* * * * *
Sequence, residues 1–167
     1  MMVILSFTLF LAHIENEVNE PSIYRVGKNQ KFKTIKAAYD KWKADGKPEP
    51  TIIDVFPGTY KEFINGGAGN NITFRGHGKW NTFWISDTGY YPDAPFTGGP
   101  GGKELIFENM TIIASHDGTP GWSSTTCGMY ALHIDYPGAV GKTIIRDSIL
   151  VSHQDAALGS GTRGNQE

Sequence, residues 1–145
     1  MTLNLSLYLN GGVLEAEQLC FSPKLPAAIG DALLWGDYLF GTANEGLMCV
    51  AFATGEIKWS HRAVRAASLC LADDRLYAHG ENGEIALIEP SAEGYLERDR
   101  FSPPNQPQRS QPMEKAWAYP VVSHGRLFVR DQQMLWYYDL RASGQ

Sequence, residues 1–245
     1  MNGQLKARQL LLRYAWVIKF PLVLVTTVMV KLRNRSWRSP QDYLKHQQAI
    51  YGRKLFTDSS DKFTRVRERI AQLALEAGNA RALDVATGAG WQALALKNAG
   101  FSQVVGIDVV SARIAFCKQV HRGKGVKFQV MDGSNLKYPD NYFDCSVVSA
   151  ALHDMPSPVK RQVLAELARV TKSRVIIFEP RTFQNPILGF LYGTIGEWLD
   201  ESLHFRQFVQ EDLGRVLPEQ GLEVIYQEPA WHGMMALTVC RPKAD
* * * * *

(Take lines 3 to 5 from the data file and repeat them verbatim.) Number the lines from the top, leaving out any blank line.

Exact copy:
    51  TIIDVFPGTY KEFINGGAGN NITFRGHGKW NTFWISDTGY YPDAPFTGGP
   101  GGKELIFENM TIIASHDGTP GWSSTTCGMY ALHIDYPGAV GKTIIRDSIL
   151  VSHQDAALGS GTRGNQE